Asian shares rose on Tuesday, the joy of a rally on Valley Street, reflecting some optimism when the outbreak of coronavirus was stronger than expected economic data.
Japan’s benchmark Nikkei 225 rose 1.8% to 22,380.02 in morning trading. South Korea’s Kospi dropped 1.5% to 2,123.85 points, while Australia’s S & P / ASX 200 rose 1.4% to 5,89.1.80. Hong Kong’s Hang Seng closed up 0.9% at 24,520.01. Shanghai Composite was trading at 2,974.94, up nearly 0.5%.
Analysts say that the question remains as to how the global economy will grow further as coronavirus outbreaks continue to grow. Japan’s economy is slowly reopening with social distinction restrictions.
“These will be important questions to answer, as the equity markets are currently in a delicate balance,” said Jingyi Pan, market strategist at IG, in a commentary.
Analysts said a survey of China factory managers released on Tuesday was better than expected, suggesting the global economy may be down after reaching the height of the shutdown in April-May.
Martin Rasmussen, an economist at Capital Economics, said the increase in production and new orders, particularly export orders, points to a rebound in foreign demand, although this is much weaker than overall new orders.
The Manufacturing Purchasing Managers Index for June was 50.9 below forecast, higher on a scale where 50 marks the cutoff between expansion and contraction. Non-manufacturing was 54.4 as compared to the expected 53.6.
On Wall Street, the market rebounded after a very healthy-to-expected report on the housing market and put investors in a buying mood. Technology, industrial and communications shares contribute to the market’s wide-ranging gains. European shares also closed higher. Treasury yields were found, and oil prices rose.
The surge in US stocks following the weekly losses created a fresh scare for markets around the world, which have been swinging back and forth in recent weeks as investors expect a relatively quick economic rebound as more business grows as concerns Are going. Confirmed new coronavirus cases force some businesses to close their doors again.
“This is just another day of general volatility, unfortunately with whom we are living now,” said Mark Litzerman, head of global portfolio management at the Wells Fargo Investment Institute. “This is part of a war between better economic figures coming through versus increased growth in cases.”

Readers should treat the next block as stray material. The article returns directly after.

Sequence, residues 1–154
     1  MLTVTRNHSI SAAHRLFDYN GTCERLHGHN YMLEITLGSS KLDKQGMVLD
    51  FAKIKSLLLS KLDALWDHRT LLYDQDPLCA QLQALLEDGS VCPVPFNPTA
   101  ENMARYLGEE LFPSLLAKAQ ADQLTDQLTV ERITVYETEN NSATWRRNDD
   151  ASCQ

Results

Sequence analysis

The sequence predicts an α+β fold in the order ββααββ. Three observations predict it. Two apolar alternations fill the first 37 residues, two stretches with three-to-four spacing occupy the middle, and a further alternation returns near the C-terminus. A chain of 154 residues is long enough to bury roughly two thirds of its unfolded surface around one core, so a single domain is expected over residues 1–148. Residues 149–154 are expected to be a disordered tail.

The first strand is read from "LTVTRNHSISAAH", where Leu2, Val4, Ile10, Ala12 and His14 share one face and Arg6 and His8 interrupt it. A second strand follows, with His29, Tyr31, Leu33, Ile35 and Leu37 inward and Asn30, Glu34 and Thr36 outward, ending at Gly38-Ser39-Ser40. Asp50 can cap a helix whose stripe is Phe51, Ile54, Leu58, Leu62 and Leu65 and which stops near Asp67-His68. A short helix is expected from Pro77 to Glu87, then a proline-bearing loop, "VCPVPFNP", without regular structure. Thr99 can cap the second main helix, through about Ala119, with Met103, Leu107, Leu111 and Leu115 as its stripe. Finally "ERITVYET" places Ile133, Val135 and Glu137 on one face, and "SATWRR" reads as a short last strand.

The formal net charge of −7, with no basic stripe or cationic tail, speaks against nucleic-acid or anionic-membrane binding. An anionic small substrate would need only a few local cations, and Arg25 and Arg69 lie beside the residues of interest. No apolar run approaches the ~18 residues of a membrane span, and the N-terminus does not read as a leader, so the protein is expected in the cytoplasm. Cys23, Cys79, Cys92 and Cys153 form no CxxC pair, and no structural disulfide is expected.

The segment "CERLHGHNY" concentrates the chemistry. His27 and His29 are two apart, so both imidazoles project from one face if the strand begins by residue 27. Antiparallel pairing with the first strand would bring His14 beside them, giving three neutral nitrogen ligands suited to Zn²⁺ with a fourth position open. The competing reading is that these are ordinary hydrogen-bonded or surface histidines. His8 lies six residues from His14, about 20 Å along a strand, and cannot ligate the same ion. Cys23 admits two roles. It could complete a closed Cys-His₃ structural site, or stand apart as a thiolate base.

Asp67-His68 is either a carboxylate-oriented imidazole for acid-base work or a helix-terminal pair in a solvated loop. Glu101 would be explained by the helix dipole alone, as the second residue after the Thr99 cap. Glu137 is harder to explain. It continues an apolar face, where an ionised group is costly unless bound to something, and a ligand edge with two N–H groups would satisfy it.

The S&P 500 rose 1.5% to 3,053.24. The Dow Jones Industrial Average rose 2.3% to 25,595.80, and the Nasdaq Composite rose 1.2% to 9,874.15.
Shares of smaller companies also jumped higher than the rest of the market, which often happens when investors feel more optimistic about the economy. The Russell 2000 index of small-cap shares rose 3.1% to 1,421.21. The index made up for all its losses from the previous week.
The US, The rise in infection of new coronaviruses, including the South and West, had dampened optimism that the S&P 500 was repatriated almost all the way before it reached the record in February.
Of concern is that deteriorated levels in recent times may improve the economy as recently states and other governments have easily completed lockdown orders, even with the Federal Reserve and other central banks, Has provided unprecedented amounts of assistance to the economy.
For example, Florida and Texas imposed new restrictions on bars to slow the spread of the virus, which helped drive the S&P 500 to a 2.9% loss last week. Other governments around the world are similarly pushing for efforts to reopen their economies, which sent the global economy into a sudden, severe recession.
Monday’s report on the housing market showed that the number of Americans signing contracts to buy homes rose a record 44.3% in May from a month earlier. This was more than double the 17% growth that economists were expecting, and the record-breaking dip of around 22% that came in April came as a whiplash reversal.
Lizerman said the encouraging housing reports are likely indicative of the demand for paint, noting that spring is the main season for home sales, and it was delayed until summer.
“It’s nice to see that people are shopping again,” he said. “The biggest thing is how quickly the consumer comes back and how they come back.”
The yield on the 10-year Treasury held steady at 0.63%.
Benchmark US crude fell 26 cents to $ 39.44. It rose $ 1.21 to $ 39.70 a barrel on Monday. Brent crude oil slipped 25 cents to $ 41.46 a barrel for August delivery.
The dollar rose from 107.57 yen to 107.74 Japanese yen. The euro costs $ 1.1248, up from $ 1.1238.